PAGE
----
Colombia: Income tax treaty with the UK | KPMG | GLOBAL

Colombia: Income tax treaty with the UK

Colombia: Income tax treaty with the UK

Representatives of the governments of Colombia and the United Kingdom on 2 November 2016 signed an income tax treaty for the avoidance of double taxation.

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The Colombia-United Kingdom income tax treaty [PDF 406 KB] will enter into force once the respective ratification procedures of both countries are completed. The treaty includes measures that generally adopt certain recommendations made under the OECD's base erosion and profit shifting (BEPS) project—specifically, rules on the treatment of permanent establishments (PE).

Colombian taxes covered

The treaty with the UK covers the two current Colombian corporate income taxes—the “traditional” corporate income tax and the CREE (the CREE is the Spanish acronym for the “equity income tax”), even though repeal of the CREE is part of a tax reform bill currently being considered by the Colombian legislature. 

Overview

Other provisions in the income tax treaty concern the following:

  • Permanent establishment (Article 5).  Article 5 adopts the BEPS-recommended restrictions limiting PE avoidance, such as enhanced requirements that would be needed to qualify for the specific PE exclusions (e.g., preparatory and auxiliary thresholds, and conditions necessary to meet the storage facilities exception) and the anti-fragmentation rule, which looks to prevent abuses stemming from the separation of the activities of a cohesive business operation across separate entities. 
  • Taxes covered (Article 2). The treaty covers the taxation of different items of income—Income from Immovable Property (Article 6), Business Profits (Article 7), Shipping and Air Transport (Article 8), Associated Enterprises (Article 9), Dividends (Article 10), Interest (Article 11), Royalties (Article 12), Capital Gains (Article 13), Employment (Article 14), Director´s Fees (Article 15), Entertainers and Sportspersons (Article 16), Pensions (Article 17), Government Services (Article 18), Students (Article 19), and Other Income (Article 20).
  • Methods for relieving double taxation (Article 21). The treaty provides rules regarding available foreign tax credits, deductions, and exemptions available to taxpayers to reduce taxes imposed by the signatory countries, with due regard to limitations imposed by internal law.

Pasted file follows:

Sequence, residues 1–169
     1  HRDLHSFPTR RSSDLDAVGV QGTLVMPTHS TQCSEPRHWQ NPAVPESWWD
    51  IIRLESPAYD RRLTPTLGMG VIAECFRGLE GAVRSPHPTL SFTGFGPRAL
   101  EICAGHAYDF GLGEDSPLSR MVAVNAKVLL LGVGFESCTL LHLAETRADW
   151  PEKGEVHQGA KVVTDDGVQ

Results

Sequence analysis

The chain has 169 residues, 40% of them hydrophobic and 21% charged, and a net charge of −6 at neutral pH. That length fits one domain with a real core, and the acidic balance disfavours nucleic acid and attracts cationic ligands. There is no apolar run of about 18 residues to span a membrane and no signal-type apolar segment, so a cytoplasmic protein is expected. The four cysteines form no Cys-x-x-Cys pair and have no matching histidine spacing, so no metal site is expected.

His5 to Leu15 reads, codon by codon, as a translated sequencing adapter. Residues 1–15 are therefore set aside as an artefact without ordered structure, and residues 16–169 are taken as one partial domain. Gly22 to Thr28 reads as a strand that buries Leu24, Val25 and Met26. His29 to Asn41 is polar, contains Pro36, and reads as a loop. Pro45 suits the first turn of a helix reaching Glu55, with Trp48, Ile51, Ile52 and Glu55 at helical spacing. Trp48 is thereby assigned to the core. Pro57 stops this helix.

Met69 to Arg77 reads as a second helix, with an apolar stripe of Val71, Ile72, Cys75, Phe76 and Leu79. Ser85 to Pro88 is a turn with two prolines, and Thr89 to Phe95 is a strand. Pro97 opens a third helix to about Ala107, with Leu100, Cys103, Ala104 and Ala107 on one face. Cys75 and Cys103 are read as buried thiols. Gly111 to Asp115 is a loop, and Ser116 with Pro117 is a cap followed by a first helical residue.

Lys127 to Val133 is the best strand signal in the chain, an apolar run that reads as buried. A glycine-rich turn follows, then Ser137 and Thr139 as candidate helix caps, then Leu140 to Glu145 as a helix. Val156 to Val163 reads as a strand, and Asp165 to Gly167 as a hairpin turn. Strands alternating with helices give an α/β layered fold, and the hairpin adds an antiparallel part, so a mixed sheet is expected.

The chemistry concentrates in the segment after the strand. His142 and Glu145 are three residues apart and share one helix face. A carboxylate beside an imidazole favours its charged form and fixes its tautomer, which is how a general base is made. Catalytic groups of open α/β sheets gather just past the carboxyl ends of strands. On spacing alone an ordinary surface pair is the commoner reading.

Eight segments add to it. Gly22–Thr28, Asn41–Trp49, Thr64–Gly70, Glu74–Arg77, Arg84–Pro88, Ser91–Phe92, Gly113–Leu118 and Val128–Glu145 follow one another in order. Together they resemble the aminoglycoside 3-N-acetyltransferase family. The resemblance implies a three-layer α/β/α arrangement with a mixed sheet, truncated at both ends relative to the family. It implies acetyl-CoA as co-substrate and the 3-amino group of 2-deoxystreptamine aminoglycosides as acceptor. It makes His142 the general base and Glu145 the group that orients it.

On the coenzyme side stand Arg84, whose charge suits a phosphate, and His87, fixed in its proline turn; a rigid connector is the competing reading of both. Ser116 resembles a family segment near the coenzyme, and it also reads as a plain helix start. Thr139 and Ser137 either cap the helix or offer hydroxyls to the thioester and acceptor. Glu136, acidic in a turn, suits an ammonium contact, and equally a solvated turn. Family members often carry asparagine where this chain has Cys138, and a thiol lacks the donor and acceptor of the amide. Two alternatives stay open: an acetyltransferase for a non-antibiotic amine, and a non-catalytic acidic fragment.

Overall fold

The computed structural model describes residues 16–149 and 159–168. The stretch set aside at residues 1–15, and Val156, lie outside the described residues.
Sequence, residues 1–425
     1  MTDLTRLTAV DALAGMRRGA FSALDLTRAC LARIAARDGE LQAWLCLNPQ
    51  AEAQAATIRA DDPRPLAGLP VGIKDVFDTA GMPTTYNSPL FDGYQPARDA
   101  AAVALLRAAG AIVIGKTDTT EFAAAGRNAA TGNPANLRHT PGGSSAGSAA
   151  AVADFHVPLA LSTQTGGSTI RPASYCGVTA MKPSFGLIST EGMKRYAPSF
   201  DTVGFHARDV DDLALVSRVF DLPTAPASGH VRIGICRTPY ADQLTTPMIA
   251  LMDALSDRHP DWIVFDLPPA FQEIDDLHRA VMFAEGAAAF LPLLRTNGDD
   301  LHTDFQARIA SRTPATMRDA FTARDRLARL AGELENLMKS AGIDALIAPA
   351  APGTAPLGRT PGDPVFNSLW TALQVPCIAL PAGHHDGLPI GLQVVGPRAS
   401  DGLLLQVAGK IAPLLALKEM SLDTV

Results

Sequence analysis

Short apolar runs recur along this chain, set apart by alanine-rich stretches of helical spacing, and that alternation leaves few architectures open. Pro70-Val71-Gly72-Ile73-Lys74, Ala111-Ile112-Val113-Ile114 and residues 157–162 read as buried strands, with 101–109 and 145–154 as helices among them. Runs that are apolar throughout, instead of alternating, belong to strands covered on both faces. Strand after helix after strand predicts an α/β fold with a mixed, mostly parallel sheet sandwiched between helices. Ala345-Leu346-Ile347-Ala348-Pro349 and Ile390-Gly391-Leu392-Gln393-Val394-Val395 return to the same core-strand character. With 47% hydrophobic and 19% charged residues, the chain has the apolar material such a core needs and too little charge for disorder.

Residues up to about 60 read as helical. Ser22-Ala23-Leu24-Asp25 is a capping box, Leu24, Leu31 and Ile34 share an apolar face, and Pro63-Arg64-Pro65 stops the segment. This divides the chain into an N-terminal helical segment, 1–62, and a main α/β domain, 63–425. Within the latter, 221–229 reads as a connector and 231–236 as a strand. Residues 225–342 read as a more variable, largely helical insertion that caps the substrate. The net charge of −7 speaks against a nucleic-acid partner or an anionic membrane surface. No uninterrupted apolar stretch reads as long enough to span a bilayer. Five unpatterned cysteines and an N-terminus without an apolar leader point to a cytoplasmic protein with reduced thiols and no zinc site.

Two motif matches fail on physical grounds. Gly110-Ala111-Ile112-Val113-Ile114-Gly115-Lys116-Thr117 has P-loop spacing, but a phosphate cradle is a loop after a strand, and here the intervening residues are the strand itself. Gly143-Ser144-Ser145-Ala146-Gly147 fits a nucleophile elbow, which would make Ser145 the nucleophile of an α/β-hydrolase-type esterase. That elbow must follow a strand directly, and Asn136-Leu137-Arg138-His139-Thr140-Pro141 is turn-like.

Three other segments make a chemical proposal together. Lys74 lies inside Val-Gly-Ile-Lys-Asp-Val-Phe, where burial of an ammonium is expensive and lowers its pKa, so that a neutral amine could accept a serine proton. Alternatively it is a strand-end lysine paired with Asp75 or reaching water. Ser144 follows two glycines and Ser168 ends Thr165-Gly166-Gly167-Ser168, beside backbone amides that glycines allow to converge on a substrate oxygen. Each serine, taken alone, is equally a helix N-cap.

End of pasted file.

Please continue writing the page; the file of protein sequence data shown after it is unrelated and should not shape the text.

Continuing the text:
• Miscellaneous provisions (Article 22). This provision includes a “principal purpose test” to limit the availability of treaty benefits when a principal purpose of the arrangement or transaction is to benefit from the treaty. Article 22 also limits treaty benefits when the income or gain is taxed only by reference to the amount effectively received in a signatory country, as opposed to the full amount of income. 
  • Mutual agreement procedure (Article 24).  This measure allows taxpayers to seek MAP relief from the relevant tax authorities in situations when a particular tax is not covered by or goes against treaty rules. 
  • Exchange of information (Article 25). This provision harmonizes the exchange of relevant tax information between the relevant tax authorities with internal law. 
  • Assistance in the collection of taxes (Article 26).  Article 26 provides rules regarding the cooperation in the collection of revenue claims. The tax authority that receives the collection request would enforce the collection in accordance to its own laws as if it were its own taxes. 

Withholding tax rates

Colombian inbound investment eligible for treaty benefits would benefit from preferential withholding tax rates. The treaty withholding tax rates for the most common items of income generated by investors are:  

  • Dividends.  Colombia does not currently tax dividends. However, the pending tax reform bill would introduce a new 10% withholding tax on dividends distributed to non-resident shareholders. The treaty would limit the withholding tax to 0% for certain pension funds, and 5% if the beneficial owner holds directly at least 20% of the capital of the Colombian company.
  • Interest.  The treaty withholding tax rate is 10%.  Currently, Colombia applies a withholding tax rate of 14% or 33% The tax reform bill would impose a 15% rate across the board. 
  • Royalties.  The treaty imposes a 10% rate. The Colombian tax would apply to a general 15% rate. Currently, withholding tax is applied at a 33% rate.
  • Capital gains.  Colombian tax on long-term capital gains would remain at 10% for both corporations and non-residents; the tax reform bill would not modify this rate. The treaty withholding tax rate is also 10%.

 

For more information, contact a tax professional with KPMG’s Latin America Markets practice or with the KPMG member firm in Colombia:

Devon Bodoh | +1 (202) 533 5681 | dbodoh@kpmg.com

Alfonso A-Pallete | +1 (305) 913 2789 | apallete@kpmg.com

Eric Thompson | +57 (1) 618 8122 | ericthompson@kpmg.com

Vincente Torres | +57 (1) 618 8000 | vjtorres@kpmg.com

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